DnD players who want to lend their party a hand can be as literal as they like thanks to the Mage Hand 5e spell. Cast this cantrip, and you’ll suddenly have a big, ghostly hand floating beside you. And whether you want to be clever or chaotic, the Mage Hand can offer several creative roleplaying options.
Here’s everything you need to know about the DnD Mage Hand 5e spell:
- Mage Hand 5e features
- How to cast Mage Hand 5e
- Who can cast Mage Hand 5e
- Pros and cons of Mage Hand 5e
Mage Hand 5e features
|Casting time||One action|
|Range / Area||30ft|
|Attack / Save||None|
How to cast Mage Hand 5e
Mage Hand requires verbal and somatic components to cast. This basically means you’ll need to speak (verbal) and gesture (somatic) in an appropriate way while casting the spell. Spend an action doing this, and a ghostly floating hand will appear at any point you like within the spell’s range.
Your new floaty appendage can do a few things to help your character out. You can use it to handle or use an object – examples of this might include opening doors or bringing you items.
There are, however, some restrictions on Mage Hand. It can’t attack, use magic items, or carry things that weigh more than ten pounds. It also can’t go further than 30 feet away from you; if this happens, the hand dissipates, and you’ll have to cast the cantrip again.
Who can cast Mage Hand 5e
As this is a cantrip, plenty of classes can add Mage Hand to their list of skills right out the gate. This includes the Bard, Sorcerer, Warlock, Wizard, and Artificer classes.
A few additional classes can also learn Mage Hand by picking specific subclasses. The Blood Hunter can learn two Warlock cantrips at third level if they join the Order of the Profane Soul, and both the Arcane Trickster Rogue and Eldritch Knight Fighter can learn Mage Hand at third level.
In fact, the Arcane Trickster Rogue has to learn Mage Hand at this level, plus two other Wizard cantrips of their choice. This is pretty handy, as Arcane Trickster Rogues get several Mage-Hand-related perks from level three.
Firstly, these Rogues can use a bonus action to control the hand rather than a regular action. They can make also their handy pal invisible, and there are three additional actions the hand can do:
- Stash an object it’s holding in a container worn or carried by another creature
- Fetch an object from a container worn or carried by another creature
- Pick locks and disarm traps on its caster’s behalf
This is crime Mage Hand. It can do these things without detection if you succeed on a Slight of Hand check against a character’s Perception.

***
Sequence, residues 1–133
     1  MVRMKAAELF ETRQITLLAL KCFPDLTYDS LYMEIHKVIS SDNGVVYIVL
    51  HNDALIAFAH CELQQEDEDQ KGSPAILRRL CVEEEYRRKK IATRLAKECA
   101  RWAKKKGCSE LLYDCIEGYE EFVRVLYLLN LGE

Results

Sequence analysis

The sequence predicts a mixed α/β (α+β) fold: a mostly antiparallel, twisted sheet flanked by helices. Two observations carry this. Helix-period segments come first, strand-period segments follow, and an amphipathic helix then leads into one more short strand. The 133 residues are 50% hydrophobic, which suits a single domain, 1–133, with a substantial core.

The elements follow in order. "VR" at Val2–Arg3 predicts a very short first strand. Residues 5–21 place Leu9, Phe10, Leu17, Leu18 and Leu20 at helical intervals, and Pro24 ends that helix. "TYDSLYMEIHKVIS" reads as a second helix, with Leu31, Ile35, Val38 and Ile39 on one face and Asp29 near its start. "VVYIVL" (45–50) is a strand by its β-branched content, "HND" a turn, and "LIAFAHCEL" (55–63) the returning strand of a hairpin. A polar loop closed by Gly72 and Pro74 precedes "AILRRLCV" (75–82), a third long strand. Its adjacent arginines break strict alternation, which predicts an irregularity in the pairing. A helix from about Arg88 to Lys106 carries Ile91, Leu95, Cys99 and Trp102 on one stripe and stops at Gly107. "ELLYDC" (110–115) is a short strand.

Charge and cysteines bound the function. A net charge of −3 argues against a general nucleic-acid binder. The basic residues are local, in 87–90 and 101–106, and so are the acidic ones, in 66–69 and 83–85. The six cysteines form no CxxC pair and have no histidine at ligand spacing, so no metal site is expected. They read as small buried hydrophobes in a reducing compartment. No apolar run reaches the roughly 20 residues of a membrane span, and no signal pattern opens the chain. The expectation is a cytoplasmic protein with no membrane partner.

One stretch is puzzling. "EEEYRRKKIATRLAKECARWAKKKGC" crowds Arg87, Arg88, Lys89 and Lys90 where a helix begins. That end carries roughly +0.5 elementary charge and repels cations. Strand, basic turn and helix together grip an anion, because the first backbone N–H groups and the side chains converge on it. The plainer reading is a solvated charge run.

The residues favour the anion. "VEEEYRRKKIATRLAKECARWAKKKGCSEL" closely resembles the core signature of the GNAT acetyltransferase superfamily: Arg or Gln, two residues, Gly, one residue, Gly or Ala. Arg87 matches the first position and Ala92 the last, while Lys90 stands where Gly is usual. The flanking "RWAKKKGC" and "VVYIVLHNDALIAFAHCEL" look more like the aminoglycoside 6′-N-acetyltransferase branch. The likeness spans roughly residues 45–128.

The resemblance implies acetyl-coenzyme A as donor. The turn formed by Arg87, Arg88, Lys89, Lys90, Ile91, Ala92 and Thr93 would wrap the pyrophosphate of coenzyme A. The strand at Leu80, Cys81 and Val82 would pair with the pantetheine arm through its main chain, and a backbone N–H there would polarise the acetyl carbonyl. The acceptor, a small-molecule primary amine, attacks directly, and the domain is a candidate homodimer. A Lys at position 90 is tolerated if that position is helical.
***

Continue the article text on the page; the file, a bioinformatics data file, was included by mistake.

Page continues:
Arcane Trickster Rogues get even more Mage Hand options at level 13. At this point, they can use the cantrip to distract targets – simply target a creature within five feet as a bonus action, and you’ll get advantage on attack rolls against them until the end of your turn.
Pros and cons of Mage Hand 5e
As a cantrip with no material component or spell slot requirements, Mage Hand is as cheap and cheerful as spells come. There’s also an enormous amount of ways to get creative with Mage Hand, so there’s no reason not to cast it whenever you want.
Want to convince some wrong’uns they’re in a haunted house with a few slamming doors and floating vases? Mage Hand. Want to pilfer a treasury key from a sleeping guard? Mage Hand. Want to grab an important quest item without crossing a perilous bridge to get it? You guessed it – whip out the Mage Hand.
As with many of the cantrips that encourage creative roleplaying (looking at you, Minor Illusion 5e and Prestidigitation 5e), players can sometimes slip up and forget Mage Hand’s limits. Any action that’ll take more than a minute or 30ft to perform is automatically off the table. You can’t pinch an item from a hostile NPC and make a clean escape if they pursue the floating thief. Sure, you could dangle the stolen item in the air to taunt them for a while, but that object will come crashing down once the cantrip’s time limit is up.
There are plenty of situations where the rules-as-written won’t give a clear answer on what your Mage Hand can do. For example, it’s generally assumed Mage Hand is corporeal and can’t travel through walls, but the use of the word “spectral” in the description often sparks debate. In these situations, it’s always the DM that gets the final say on whether you can pull off your Mage Hand hijinks.